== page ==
You can’t cross the sea merely by standing and staring at the water. -Rabindranath Tagore
I recently wrote about incorporating a more personalized approach to learning in my classroom here and how that meant building the plane while I fly it. I’ve always believed in student-centered classrooms and in many ways, my classroom already had many aspects of voice and choice. So perhaps I wasn’t starting the plane from scratch after all.
It can be intimidating and sometimes, downright paralyzing, to consider changing an entire classroom management system. At the core of it all, you have to decide what you truly believe about teaching and learning before making any kind of shift. Once you have made the decision to make meaningful change, start small. Look at what you are already doing and see if anything resonates with student choice. One of the biggest concerns of many educators is what to do with the other students while you are working with small groups. These choice boards for centers were already in place in my room:
These center boards for morning and afternoon help me begin choice in kindergarten. Students are in center teams and they are assigned these centers during 3 rotations in the morning while my assistant and I teach small reading groups and during 3 rotations in the afternoon while we work with small groups of writers. The rotations last 20 minutes each. Even though they are assigned their centers on these boards, once they get to those centers, they have multiple choices of activities to work with. At the ABC center, they have 8 hands-on activities and one cubby has 2 iPad passes that allow the students who choose them to work on their iPads on ABC/phonics activities. The math and games center works similarly. They have 8 math manipulatives and fine motor activities to choose from as well as 2 math iPad passes that allow those students to work on math apps. Here are photos of those 2 centers:
So in a given day, each team would rotate through these centers: ABC, writing, math, reading, and 2 rotations of choice. Choice centers are housekeeping, blocks, legos, science, art, and painting. (I’m not a huge fan of the paint so they often have markers or chalk here.) This controlled-choice helps students learn through a gradual release of responsibility. It’s not chaotic and the kids start learning how to handle multiple choices in a structured way.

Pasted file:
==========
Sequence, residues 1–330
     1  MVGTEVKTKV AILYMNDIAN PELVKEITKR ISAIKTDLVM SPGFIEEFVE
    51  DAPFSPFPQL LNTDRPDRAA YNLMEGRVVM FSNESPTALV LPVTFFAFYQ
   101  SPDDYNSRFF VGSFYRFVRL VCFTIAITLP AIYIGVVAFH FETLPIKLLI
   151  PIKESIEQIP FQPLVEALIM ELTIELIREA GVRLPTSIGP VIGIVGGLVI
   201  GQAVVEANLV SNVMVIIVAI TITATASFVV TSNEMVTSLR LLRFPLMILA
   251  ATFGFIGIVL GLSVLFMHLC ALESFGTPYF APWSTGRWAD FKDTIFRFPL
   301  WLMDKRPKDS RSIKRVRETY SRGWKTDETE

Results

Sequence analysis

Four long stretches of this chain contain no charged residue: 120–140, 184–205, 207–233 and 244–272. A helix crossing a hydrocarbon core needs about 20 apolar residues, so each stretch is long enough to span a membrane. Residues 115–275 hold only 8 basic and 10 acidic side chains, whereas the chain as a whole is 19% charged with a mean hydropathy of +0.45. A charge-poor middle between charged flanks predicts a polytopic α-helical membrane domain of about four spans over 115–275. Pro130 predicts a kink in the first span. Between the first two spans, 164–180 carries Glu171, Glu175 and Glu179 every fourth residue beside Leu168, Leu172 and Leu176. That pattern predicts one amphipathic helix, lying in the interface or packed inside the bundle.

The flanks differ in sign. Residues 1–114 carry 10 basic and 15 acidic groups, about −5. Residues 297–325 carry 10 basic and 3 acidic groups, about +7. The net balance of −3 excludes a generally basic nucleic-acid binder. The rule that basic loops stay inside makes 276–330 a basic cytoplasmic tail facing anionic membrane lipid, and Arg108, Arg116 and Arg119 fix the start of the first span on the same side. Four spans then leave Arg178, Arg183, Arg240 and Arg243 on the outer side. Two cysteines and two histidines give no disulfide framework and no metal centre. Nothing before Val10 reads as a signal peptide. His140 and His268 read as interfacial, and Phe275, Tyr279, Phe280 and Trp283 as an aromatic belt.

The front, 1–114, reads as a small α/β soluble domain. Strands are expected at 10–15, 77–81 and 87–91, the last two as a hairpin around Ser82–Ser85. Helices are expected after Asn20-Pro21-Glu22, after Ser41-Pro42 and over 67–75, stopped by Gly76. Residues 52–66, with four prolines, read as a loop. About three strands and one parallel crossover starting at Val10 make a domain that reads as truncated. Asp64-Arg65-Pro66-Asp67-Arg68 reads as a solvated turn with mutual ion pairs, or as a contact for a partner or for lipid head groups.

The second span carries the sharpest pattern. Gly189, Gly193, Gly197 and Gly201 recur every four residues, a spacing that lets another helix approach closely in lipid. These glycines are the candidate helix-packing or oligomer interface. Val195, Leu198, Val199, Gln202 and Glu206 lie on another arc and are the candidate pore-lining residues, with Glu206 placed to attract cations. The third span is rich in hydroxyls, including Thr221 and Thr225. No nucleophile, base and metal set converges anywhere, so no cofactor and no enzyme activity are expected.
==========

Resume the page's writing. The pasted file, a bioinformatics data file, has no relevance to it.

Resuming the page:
As we get a few weeks of school under our belts, and expectations, routines and procedures are more established, I start adding some choice into other areas of the day. Students may choose books in the book center, or iPads for reading. They may also choose writing on paper in the writing center or on the iPad. (Note: with my kindergarten students, we still use paper and pencil for Writer’s Workshop all year. I want them to develop those writing skills.)
By early January, we are able to move away from those choice boards and move into students planning their day and making their own schedules. I will write more about this a little later.
Standing on the edge and trying to wrap your head around change is a little scary but I also find it a bit exhilarating. When I saw my students embracing choice in the classroom, I found I was eager to incorporate their voice and choice in other ways. It made it a lot easier for me to push forward and try new things.
Don’t stand back and look at the water…stick your big toe in and wade around a bit. Come on in…the water’s fine!
Today we will do exciting new things. Let’s get to it!
Initial photo credit: Creative Commons
2 thoughts on “Starting a Student-Centered Classroom”
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Enjoyed the article. Curious about moving away from charts and on to stupid dents planning their own day… I like it!! (I was just in Dallas at the Apple Leadership Academy. We worked on lesson plans with you. I’m from BCECC in Norfolk Va)